- But


« But from that hour my soul has known no rest,
“ Soft peace is banish'd from my tortur'd breast :
“ I rage, I burn. Yet still regardless you
“Not the least sign of melting pity fhew :
“ No; by the gods that shall revenge my pain !
“ No ; you, the more I love, the more disdain.
Ah! nymph, by every grace adorn’d, I know

Why you despise and fly the Cyclops fo;
“ Becaufe a shaggy brow from side to side,
“ Stretch'd in a line, does my large forehead hide;
“ And under that one only eye does shine,
“ And my flat nose to my big lips does join.
“ Such though I am, yet know, a thousand sheep,
“The pride of the Sicilian hills, I keep ;
“ With fiveetest milk they fill my flowing pails,
And my vatt stock of cheeses never fails ;
“ In summer's heat, or winter's sharpest cold,

My loaded shelves groan with the weight they hold. “With fuch soft notes I the shrill pipe inspire, That every liftening Cyclops does admire ; “ While with it often I all night proclaim Thy powerful charms, and my successless flame. “ For thee twelve does, all big with fawn, I feed ; “ And four bear-cubs, tame to thy hand, I breed. " Ah! come to me, fair nymph! and you shall find “ These are the smallest gifts for thee design’d. “ Ah! come, and leave the angry waves to roar, “ And break themselves against the founding shore. How much more pleasant would thy flumbers be “ In the retir'd and peaceful cave with me!

66 There

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“ There the streight cypress and green laurel join, “ And creeping ivy clasps the cluster'd vine ; “ There fresh, cool rills, from Ætna's purest fnow, “ Diffolv'd into ambrosial liquor, flow. “ Who'the wild waves and blackish sea could chufe, “ And these still shades and these sweet streams refuse? “ But if you fear that I, o'er-grown with hair, “ Without a fire defy the winter air, “ Know I have mighty stores of wood, and know “ Perpetual fires on my bright hearth do glow. “My soul, my life itself should burn for thee, “ And this one eye, as dear as life to me.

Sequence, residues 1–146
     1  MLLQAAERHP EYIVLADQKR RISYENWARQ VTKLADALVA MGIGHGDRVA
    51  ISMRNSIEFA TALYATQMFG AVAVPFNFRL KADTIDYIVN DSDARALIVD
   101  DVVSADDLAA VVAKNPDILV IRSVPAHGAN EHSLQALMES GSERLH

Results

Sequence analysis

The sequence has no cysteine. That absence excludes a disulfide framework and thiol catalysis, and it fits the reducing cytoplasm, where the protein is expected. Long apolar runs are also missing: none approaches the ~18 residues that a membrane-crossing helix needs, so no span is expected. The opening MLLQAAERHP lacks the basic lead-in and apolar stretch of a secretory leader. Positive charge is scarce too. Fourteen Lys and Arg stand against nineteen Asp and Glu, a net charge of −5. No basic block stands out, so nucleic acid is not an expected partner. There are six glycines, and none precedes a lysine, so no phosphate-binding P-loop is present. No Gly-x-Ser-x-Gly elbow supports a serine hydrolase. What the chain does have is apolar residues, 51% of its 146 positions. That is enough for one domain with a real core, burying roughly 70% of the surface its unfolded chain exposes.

Why was not I with fins, like fishes, made, “ That I, like them, might in the deep have play'd ? “ Then would I dive beneath the yielding tide, “ And kiss your hand, if you your lips deny’d. “ To thee I'd lilies and red poppies bear, “And flowers that crown each season of the year. “ But I'm resolv'd I'll learn to swim and dive “ Of the next stranger that does here arrive, “ That th’ undiscover'd pleasures I may know “ Which you enjoy in the deep flood below. “ Come forth, 0 nymph! and coming forth forget, " Like me that on this rock unmindful fit (Df all things else unmindful but of thee), “ Home to return forget, and live with me. “ With me the sweet and pleasing labour chuse, “ To feed the flock, and milk the burthen'd ewes, 46 To press the cheese, and the sharp runnet to infuse.